SANDPOINT — Current and former dispatchers at the Bonner County 911 Center have filed tort claims alleging a hostile work environment.
Former dispatcher Kellie Brownell and current senior dispatcher Diana Elsfelder filed the claims, which serve as notices of intent to sue, on Monday.
Brownell said in her claim that she approached county Commissioner Mike Nielsen in October to address the hostile working environment and press for an investigation. But instead of improving workplace conditions, Brownell contends the environment “worsened substantially” after the meeting.
Brownell and Elsfelder said they were segregated from other dispatchers, subjected to disparaging remarks, and had their work shifts altered and their training opportunities reduced or eliminated.
Brownell said in her claim that conditions deteriorated badly enough to force her to quit her job.
“This acted as constructive termination of her position,” Brownell’s claim said.
Brownell’s claim adds that unnamed Bonner County officials disputed her unemployment benefits by making false or misleading statements to a hearing officer.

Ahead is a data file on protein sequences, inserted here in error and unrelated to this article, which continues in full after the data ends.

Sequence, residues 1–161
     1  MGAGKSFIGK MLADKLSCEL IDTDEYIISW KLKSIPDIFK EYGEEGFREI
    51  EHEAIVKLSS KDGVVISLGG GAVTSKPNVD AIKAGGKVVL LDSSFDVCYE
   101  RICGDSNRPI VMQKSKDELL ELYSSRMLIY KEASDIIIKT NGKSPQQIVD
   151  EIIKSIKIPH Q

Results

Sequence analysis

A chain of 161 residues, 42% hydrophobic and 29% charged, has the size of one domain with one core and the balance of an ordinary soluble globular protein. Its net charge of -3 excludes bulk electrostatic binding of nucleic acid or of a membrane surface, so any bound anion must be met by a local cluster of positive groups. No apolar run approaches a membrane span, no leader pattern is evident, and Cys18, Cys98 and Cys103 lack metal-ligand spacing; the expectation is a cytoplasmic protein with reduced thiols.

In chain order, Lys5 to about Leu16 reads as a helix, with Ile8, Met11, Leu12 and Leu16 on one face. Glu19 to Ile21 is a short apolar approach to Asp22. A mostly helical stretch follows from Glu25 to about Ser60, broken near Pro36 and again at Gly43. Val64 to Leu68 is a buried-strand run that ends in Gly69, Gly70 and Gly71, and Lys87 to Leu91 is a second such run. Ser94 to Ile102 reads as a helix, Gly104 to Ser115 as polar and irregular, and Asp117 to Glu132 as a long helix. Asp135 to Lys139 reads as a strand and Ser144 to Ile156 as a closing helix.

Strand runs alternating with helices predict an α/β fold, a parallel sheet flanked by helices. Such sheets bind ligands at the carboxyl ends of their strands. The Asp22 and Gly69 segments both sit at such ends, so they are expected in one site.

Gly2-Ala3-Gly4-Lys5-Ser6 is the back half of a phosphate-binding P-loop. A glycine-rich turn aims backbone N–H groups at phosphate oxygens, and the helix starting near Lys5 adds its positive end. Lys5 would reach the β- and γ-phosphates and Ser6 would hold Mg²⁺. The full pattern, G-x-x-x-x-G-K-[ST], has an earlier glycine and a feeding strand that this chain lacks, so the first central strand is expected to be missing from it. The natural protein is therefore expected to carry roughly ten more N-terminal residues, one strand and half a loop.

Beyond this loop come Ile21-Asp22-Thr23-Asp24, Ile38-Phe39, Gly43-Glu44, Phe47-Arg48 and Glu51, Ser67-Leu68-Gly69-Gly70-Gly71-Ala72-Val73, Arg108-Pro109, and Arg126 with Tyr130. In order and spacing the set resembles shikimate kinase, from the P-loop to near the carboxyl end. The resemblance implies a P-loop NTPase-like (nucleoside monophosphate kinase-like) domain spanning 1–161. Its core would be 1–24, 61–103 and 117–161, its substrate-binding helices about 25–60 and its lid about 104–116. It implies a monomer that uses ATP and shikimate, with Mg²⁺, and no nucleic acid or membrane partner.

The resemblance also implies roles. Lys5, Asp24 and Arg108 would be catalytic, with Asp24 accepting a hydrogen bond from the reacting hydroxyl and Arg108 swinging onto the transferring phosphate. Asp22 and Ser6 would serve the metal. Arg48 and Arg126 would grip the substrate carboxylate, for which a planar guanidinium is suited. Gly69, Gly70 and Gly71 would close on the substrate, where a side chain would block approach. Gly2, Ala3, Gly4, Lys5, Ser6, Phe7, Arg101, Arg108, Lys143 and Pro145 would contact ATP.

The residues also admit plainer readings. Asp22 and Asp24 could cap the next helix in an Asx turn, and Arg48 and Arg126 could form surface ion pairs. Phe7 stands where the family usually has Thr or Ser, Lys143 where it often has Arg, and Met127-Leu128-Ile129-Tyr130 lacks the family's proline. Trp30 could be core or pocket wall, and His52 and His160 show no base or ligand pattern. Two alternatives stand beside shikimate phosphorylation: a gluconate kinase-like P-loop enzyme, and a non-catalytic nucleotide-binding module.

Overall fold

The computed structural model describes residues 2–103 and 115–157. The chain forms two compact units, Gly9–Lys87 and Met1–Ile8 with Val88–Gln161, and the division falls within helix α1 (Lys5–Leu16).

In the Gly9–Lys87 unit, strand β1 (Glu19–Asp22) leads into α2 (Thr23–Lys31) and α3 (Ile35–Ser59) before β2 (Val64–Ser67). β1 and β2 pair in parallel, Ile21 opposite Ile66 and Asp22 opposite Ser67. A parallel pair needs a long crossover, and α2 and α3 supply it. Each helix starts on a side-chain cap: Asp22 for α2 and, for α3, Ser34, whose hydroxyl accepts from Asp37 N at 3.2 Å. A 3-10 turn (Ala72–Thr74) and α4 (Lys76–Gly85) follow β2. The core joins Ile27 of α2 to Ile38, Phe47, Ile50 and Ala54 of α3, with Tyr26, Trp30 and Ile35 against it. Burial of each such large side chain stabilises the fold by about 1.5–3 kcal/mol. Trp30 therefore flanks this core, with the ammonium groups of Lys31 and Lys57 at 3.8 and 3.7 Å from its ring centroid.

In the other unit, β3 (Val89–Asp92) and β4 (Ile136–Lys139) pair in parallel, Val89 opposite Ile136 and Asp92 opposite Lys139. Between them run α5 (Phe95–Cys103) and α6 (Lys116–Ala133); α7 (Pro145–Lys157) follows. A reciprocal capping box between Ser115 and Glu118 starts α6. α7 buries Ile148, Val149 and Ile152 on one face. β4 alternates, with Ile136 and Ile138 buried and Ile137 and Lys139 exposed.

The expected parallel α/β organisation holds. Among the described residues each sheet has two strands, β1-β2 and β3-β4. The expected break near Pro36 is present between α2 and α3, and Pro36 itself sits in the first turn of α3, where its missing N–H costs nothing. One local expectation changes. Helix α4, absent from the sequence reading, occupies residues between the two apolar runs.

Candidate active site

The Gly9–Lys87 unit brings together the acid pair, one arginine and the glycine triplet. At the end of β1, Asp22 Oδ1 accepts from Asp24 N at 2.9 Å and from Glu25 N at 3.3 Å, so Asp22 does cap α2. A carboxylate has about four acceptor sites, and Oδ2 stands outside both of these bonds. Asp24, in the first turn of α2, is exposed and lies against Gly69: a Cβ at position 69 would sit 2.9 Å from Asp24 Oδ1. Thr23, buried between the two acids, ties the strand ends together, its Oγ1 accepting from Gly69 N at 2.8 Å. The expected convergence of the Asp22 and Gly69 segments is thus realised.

Bonner County commission meeting agendas indicated an investigation was conducted by Keith Cutter, a deputy chief of administration for Bonner County EMS. However, those discussions were held behind closed doors during executive sessions and the contents of the report have not been made public.
The investigation reportedly concluded that most of the allegations were unsubstantiated, although supporters of Brownell and Elsfelder counter that the probe lacked objectivity because it was overseen by Marcus Robbins, the director of the dispatch center.
The claimants’ supporters further contend that the investigation did not delve at all into allegations that taxpayers funds were being wasted through mismanagement.
Brownell and Elsfelder assert in their claims that the employee turnover rate has been at 47 percent for the past four years.
The national turnover rate for dispatch centers ranges from as low as 17 percent to 30 percent or more.
The supporters’ advocates said it costs Bonner County a minimum of $38,000 to hire and train a single dispatcher based on their starting wages and benefits.
The emergency communications center has been dogged for years by complaints of nepotism, cronyism and retaliation against dispatchers who seek to improve working conditions or hold supervisors accountable for their actions.
Brownell and Elsfelder are each seeking $250,000 in damages, although their supporters insist the claims are meant to bring about meaningful changes to the dispatch center and are not about money.
Robbins did not respond to a request for comment on Wednesday. Nielsen said he is unable to comment on the pending legal matter at this time.